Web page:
In the wake of Sen. Martha McSally’s (R-AZ) brave testimony of her sexual assault during her tenure in the military, the left is using ideology to invalidate McSally’s heartbreaking deposition. The freshman senator from Arizona made history during her service in the Air Force, earning the recognition of first female fighter pilot to fly in combat. McSally alleges, without naming a specific perpetrator, that she was “preyed upon and then raped,” by a superior officer.
During the hearing on the military’s response to and prevention of internal sexual assault and misconduct, McSally praised the bravery of survivors who empower themselves, and others, to come forward before she revealed her own experience, as Lauretta reported:
"I am so inspired by the many survivors who found the strength to share their stories, report their assaults, and demand accountability, justice, and change," McSally told those gathered at the hearing. "It is because of you that a light has been shined on this silent epidemic and so many improvements have been made—including more than 100 legislative actions over the last decade—on all aspects of military sexual assault."
"So, like you, I also am a military sexual assault survivor, but unlike so many brave survivors, I didn’t report being sexually assaulted," she said.
As to be expected, left-wing pundits immediately pounced on McSally’s assertion, ultimately invalidating the senator’s story, based on nothing more than her Conservative beliefs.
This is brave. It's also important. The conservative movement in the US has been staunchly anti-feminist, deriding many women who talk about sexual violence as having a "victim mentality." As a result, there can be a cost to prominent conservative women who speak out. https://t.co/NlrXb2A8d3— Jill Filipovic (@JillFilipovic) March 6, 2019
Most despicably, feminist author Jill Filipovic hammered Senator McSally for her non-voting support of Justice Brett Kavanaugh’s confirmation.
It would be better, of course, if those experiences led to more humane policy positions (and a tougher look at men in power who stand accused of sexual assault, like Kavanaugh, whose confirmation McSally supported). But things don't change overnight. This is a sign of progress.— Jill Filipovic (@JillFilipovic) March 6, 2019
This abhorrent rhetoric from the left toward Conservative women is not the first of its kind, and certainly will not be the last. In late January, Senator Joni Ernst received similar criticism after she came forward about her sexual assault in college and abusive marriage. Since Justice Kavanaugh’s confirmation, the left has implemented a standard that invalidates Republican women who have experienced sexual trauma; any woman, Republican or not, who offered voting or non-voting support for Justice Kavanaugh is now offered no seat at the discussion table on these issues. Advocating for the constitutionally-protected due process rights of each and every American is now viewed as not only controversial, but anti-woman.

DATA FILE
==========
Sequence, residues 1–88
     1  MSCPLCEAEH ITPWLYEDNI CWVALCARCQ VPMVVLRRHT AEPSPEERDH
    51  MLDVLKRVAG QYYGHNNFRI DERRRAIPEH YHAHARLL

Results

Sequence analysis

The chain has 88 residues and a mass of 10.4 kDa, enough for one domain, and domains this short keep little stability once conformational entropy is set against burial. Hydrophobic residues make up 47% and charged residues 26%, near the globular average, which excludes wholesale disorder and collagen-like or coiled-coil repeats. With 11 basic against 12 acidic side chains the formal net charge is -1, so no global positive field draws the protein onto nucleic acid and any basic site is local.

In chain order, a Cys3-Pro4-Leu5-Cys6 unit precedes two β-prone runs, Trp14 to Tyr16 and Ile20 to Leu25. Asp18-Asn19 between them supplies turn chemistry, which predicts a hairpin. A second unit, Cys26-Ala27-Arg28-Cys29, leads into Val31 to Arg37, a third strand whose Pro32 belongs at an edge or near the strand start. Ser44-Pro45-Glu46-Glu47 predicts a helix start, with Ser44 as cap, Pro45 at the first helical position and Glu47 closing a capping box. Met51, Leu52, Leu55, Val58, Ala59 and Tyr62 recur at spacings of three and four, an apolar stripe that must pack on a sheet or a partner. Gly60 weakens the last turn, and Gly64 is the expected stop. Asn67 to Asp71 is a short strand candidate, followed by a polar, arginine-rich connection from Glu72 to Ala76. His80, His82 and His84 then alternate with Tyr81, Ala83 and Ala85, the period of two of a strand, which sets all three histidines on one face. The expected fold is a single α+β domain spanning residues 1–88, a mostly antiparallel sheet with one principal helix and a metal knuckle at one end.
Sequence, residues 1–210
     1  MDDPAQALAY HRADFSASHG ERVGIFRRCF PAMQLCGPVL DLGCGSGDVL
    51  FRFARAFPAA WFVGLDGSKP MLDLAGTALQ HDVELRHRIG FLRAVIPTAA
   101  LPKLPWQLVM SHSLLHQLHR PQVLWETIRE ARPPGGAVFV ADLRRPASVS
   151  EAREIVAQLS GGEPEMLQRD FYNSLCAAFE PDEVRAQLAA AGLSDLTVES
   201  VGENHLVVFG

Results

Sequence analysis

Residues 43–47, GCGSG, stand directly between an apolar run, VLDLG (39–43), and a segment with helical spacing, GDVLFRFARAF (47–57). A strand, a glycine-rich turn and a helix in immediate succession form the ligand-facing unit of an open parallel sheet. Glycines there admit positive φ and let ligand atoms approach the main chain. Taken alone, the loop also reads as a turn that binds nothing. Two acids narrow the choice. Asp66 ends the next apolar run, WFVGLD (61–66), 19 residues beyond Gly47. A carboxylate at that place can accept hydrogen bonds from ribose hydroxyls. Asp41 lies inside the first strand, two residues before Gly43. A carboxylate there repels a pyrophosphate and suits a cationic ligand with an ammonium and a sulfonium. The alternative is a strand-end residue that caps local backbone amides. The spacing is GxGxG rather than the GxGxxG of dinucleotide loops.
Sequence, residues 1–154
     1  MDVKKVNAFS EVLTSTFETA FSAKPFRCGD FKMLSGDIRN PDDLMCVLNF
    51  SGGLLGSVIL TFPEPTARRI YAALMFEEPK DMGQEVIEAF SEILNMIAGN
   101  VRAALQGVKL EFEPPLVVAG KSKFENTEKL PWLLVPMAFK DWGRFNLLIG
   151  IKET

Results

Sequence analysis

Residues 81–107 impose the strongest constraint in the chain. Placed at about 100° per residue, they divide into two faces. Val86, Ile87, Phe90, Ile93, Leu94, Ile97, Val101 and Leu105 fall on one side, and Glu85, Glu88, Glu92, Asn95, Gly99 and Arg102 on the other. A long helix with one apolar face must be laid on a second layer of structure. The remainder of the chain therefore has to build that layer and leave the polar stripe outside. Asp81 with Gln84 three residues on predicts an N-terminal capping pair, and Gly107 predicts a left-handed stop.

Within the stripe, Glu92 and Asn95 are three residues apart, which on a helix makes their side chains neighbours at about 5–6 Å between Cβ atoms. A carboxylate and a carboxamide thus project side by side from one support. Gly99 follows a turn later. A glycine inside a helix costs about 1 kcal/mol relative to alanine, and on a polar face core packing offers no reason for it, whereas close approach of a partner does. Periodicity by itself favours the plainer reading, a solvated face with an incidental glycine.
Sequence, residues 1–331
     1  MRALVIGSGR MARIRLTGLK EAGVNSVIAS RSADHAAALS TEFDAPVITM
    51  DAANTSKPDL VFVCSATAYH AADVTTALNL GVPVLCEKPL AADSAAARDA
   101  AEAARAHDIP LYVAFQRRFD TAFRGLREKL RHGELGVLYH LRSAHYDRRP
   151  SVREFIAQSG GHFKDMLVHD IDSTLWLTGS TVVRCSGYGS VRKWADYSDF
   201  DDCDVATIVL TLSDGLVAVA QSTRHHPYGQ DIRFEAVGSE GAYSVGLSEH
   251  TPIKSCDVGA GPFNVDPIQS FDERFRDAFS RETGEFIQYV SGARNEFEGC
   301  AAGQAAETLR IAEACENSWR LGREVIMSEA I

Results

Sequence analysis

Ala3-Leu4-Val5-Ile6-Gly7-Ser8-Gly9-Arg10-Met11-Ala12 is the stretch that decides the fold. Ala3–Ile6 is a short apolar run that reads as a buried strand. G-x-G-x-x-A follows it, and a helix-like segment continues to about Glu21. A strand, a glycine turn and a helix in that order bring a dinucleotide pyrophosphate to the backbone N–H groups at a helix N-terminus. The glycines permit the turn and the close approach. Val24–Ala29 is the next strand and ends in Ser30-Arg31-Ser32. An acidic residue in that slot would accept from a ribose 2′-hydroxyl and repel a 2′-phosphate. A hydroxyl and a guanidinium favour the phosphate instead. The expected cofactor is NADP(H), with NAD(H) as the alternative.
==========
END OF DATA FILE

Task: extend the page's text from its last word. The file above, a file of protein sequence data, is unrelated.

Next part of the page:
The insubstantial criticisms thrown at McSally are the epitome of the growing hypocrisy on the left. Democrats and Progressives alike claim to champion allwomen, with the #metoo movement, and consistently push the narrative that each and every woman who comes forward should be believed no matter what; the left only applies this standard to their own. Progressives paint Republicans as evil, woman-hating bigots with no substantive evidence. What these groups fail to realize, or admit, is that this rhetoric is not productive toward diminishing our sexual misconduct problem. These harsh mischaracterizations of Conservatives and propping up of the narrative that due process is anti-woman dually de-incentivizes women from coming forward. If reducing sexual assault and misconduct is truly the goal, ideology cannot play a part; sexual assault is not a partisan issue, it is a human rights issue. Disagree as Republicans and Democrats may on how best to handle allegations, especially surrounding due process, the use of ideology as a factor must stop. Victims of these heinous crimes are not pawns for political gain.
Regardless of political affiliation, coming forward after a traumatic sexual experience is a difficult, painful thing to do. Filipovic and other left-wing pundits are well aware of this, but still take no issue with invalidating and belittling Republican women who so bravely come forward, on a purely ideological basis.
If Democrats want to have a concrete, candid discussion on policy that might help alleviate the growing issue of sexual assault and misconduct, Republican women, and men, would undoubtedly come to the table. As McSally firmly attested in her deposition during the Senate hearing, she was unsatisfied with the status-quo system for handling sexual misconduct, and her experience empowered her to change the system:
“I was horrified at how my attempt to share generally my experiences was handled...I share the disgust of the failures of the military system and many commanders who failed in their responsibilities,” McSally said in the hearing.
This behavior is an especially painful example of the left’s real agenda, which does not actually include championing and elevating all women. Sexual assault and misconduct should never be politicized; allowing ideology to be a factor in giving validity to a woman’s testimony silences the experiences of countless women across the political aisle.